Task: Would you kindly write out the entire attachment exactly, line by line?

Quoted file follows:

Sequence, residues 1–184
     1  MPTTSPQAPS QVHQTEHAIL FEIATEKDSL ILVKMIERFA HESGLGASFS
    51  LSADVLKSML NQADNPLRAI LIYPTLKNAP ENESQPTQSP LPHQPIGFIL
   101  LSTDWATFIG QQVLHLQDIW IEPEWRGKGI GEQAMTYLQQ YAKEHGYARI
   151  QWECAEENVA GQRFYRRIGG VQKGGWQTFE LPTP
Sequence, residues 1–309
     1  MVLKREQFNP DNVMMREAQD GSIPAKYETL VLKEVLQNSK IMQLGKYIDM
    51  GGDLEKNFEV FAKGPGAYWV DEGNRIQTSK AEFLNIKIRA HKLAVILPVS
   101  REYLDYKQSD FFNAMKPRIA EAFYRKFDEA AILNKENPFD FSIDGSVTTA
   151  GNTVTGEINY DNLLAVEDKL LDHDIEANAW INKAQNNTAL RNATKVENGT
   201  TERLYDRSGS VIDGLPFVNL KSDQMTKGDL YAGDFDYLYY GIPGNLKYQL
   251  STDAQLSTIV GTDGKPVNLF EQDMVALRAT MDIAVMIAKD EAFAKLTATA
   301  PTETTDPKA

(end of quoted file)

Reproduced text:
Sequence, residues 1–184
     1  MPTTSPQAPS QVHQTEHAIL FEIATEKDSL ILVKMIERFA HESGLGASFS
    51  LSADVLKSML NQADNPLRAI LIYPTLKNAP ENESQPTQSP LPHQPIGFIL
   101  LSTDWATFIG QQVLHLQDIW IEPEWRGKGI GEQAMTYLQQ YAKEHGYARI
   151  QWECAEENVA GQRFYRRIGG VQKGGWQTFE LPTP
Sequence, residues 1–309
     1  MVLKREQFNP DNVMMREAQD GSIPAKYETL VLKEVLQNSK IMQLGKYIDM
    51  GGDLEKNFEV FAKGPGAYWV DEGNRIQTSK AEFLNIKIRA HKLAVILPVS
   101  REYLDYKQSD FFNAMKPRIA EAFYRKFDEA AILNKENPFD FSIDGSVTTA
   151  GNTVTGEINY DNLLAVEDKL LDHDIEANAW INKAQNNTAL RNATKVENGT
   201  TERLYDRSGS VIDGLPFVNL KSDQMTKGDL YAGDFDYLYY GIPGNLKYQL
   251  STDAQLSTIV GTDGKPVNLF EQDMVALRAT MDIAVMIAKD EAFAKLTATA
   301  PTETTDPKA